Saddles: Traditional solid trees, flex tree, or treeless
 
 

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Saddles: Traditional solid trees, flex tree, or treeless

This is a discussion on Saddles: Traditional solid trees, flex tree, or treeless within the Horse Tack Reviews forums, part of the Horse Tack category
  • Solid- tree saddle
  • Standard tree vs. flex tree saddles

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    11-07-2012, 06:06 PM
  #1
Yearling
Question Saddles: Traditional solid trees, flex tree, or treeless

I'm thinking about getting a new saddle. I've been reading and researching all the different trees and styles available. Since my old saddle fits my appy (mutton withered), I need a new saddle for my mare (high narrow withers). I've looked at so many I really don't know what to think anymore. I have a few styles picked out, but they have tree options. I now ride in a traditional solid treed saddle, I like it and i'm used to it. I wanted to know thoughts about flex trees and treeless saddles. How do you like them, and what are their flaws. Would it be a good option for a barrel saddle, or strictly a trail saddle? Do they move about as much as i've heard? Do they cause pressure points on the horse? Your thoughts and advice are greatly appreciated!! It will also help me make a decision.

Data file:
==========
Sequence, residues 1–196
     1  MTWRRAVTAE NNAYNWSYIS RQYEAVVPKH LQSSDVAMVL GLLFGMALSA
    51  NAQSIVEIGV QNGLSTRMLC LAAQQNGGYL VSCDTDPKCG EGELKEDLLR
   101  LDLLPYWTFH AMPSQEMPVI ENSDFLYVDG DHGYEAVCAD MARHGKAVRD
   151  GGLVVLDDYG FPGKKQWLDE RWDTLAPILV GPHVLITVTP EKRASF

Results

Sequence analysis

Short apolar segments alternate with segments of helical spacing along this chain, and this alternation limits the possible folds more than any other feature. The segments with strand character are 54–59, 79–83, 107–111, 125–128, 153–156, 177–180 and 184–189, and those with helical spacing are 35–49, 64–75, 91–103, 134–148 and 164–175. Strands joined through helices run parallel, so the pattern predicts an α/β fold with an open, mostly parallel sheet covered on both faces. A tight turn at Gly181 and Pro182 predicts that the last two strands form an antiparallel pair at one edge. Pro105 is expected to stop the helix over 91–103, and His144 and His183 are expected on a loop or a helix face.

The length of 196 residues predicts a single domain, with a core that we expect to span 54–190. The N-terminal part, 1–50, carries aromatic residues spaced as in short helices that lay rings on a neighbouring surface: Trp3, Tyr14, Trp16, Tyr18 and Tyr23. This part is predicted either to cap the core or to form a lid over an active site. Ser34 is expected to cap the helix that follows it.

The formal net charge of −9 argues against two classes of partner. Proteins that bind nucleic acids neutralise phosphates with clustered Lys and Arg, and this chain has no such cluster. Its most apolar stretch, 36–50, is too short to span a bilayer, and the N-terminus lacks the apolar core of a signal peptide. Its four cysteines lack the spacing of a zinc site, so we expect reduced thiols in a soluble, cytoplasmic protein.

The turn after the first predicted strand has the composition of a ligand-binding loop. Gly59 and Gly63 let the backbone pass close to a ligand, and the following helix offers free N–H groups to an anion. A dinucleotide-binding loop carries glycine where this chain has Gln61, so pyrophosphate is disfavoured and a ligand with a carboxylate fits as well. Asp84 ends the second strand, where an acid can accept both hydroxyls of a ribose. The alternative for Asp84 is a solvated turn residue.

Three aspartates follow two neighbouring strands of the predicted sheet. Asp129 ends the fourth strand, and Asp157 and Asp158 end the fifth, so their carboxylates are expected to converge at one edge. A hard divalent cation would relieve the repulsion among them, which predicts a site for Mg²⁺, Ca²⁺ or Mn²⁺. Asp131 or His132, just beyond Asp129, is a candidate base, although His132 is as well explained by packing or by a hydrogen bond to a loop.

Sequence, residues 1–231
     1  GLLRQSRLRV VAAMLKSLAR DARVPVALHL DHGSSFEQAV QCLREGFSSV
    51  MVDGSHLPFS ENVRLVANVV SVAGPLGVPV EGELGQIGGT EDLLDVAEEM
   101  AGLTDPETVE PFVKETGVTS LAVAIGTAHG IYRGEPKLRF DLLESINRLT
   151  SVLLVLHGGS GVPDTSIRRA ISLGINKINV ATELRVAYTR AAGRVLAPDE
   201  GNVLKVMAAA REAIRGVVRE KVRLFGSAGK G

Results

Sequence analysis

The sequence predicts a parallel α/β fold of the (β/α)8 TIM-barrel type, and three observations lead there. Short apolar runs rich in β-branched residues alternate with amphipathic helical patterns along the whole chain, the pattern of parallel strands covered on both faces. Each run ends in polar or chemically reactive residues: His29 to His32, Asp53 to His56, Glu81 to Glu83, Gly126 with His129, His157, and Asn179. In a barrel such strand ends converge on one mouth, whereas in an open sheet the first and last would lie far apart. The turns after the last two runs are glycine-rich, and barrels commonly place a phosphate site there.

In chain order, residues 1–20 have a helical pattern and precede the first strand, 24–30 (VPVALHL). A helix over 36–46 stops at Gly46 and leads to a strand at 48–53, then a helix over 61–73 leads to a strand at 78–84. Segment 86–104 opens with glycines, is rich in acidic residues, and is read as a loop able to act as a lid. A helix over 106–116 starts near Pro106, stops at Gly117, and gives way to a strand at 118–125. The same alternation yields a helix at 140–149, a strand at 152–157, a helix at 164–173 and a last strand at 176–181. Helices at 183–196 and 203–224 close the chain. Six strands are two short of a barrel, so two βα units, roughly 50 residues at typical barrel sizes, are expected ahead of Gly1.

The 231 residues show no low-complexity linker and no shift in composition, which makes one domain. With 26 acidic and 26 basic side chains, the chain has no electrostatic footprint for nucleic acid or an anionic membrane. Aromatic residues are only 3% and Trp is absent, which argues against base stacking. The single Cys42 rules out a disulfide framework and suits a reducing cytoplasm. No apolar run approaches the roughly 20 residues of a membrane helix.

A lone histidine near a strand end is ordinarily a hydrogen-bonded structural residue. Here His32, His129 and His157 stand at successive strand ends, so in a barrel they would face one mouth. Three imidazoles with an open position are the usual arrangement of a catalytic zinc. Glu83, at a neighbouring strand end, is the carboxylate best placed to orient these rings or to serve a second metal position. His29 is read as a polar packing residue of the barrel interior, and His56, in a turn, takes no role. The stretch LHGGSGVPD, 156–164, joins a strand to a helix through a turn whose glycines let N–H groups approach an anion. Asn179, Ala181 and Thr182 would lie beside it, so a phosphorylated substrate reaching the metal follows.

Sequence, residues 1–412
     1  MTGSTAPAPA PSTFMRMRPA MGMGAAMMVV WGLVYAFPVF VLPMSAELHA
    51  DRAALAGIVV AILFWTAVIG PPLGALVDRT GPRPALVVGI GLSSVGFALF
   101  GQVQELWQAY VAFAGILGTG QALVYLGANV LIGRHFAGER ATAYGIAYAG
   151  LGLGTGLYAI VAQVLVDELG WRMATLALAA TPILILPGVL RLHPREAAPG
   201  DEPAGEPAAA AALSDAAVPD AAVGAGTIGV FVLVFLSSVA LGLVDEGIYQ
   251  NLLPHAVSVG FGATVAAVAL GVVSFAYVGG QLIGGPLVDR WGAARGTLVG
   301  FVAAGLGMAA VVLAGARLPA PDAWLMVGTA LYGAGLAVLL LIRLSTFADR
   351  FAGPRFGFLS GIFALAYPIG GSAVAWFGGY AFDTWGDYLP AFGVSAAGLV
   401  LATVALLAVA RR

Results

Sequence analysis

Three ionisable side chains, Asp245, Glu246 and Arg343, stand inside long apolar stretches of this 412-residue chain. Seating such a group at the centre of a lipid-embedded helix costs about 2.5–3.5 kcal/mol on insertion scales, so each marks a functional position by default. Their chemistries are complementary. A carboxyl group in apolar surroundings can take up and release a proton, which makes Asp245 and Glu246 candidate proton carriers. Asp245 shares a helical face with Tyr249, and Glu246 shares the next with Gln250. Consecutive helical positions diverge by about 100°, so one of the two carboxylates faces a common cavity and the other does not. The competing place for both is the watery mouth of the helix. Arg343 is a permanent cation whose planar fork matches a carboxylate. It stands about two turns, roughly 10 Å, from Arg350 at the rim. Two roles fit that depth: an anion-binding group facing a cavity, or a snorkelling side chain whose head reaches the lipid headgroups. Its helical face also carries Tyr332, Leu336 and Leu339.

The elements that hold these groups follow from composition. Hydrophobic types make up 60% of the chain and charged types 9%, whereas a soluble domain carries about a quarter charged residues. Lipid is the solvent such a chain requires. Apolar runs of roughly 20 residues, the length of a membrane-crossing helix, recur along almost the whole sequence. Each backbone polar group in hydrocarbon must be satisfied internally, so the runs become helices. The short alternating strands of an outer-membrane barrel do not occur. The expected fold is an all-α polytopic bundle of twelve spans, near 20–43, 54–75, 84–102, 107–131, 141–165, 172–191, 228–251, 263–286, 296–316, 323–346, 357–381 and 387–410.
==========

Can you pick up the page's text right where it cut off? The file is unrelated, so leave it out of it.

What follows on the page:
Thanks all!!
     
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    11-07-2012, 06:57 PM
  #2
Super Moderator
.

Solid Trees are the way to go, they are tried and true.

Flex Trees and Treeless are marketing gimmicks IMO, while for certain Horses and Certain people they have their place and provide a small benefit, but it is very limited. A proper fit and good pad provide the same comfort level for the Horse as the advertising promises for treeless and Flex Trees.

A common misconception is that treeless and flex trees fit a variety of different sized Horses, they do not.
If this was true and you could buy 1 Saddle to fit 4 or 5 different Horses then Solid Tree Saddles would become obsolete, unfortunately there is no Utopia

Barrel Saddle and Trail Saddle are closer than most people think, the main difference is many Barrel Saddles have rawhide wrapped Horns which make them smaller in diameter, some are actually an inch taller than a Trail Horn also, most Barrel saddle have a Higher Cantle and many have rough out jockies and fenders. The actual bars and fit to the Horse are the same.

Hope that helps.


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    11-08-2012, 07:54 AM
  #3
Yearling
Thank you SouthernTrailsGA! This explains a lot. So how would I go about figuring the bar size for my mare 'full QH compared to semi QH' I always get confused on how to do this. Then I shall stick to tried and true solid treed saddles. I'll also be getting special saddle pads like gel orthopedic to help ease any pressure points. Would you have any recommendations?? Thanks again!!
     
    11-08-2012, 08:08 AM
  #4
Super Moderator
.

Here is a link to some templates that will give you an idea of what size tree to use

http://lib.store.yahoo.net/lib/thesa...ate-simple.pdf

If you have a good fitting Saddle, I prefer a solid Wool pad, either 3/4" thick or 1" think.

I am not a fan of all those gel or air pads either


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    11-08-2012, 09:47 AM
  #5
Trained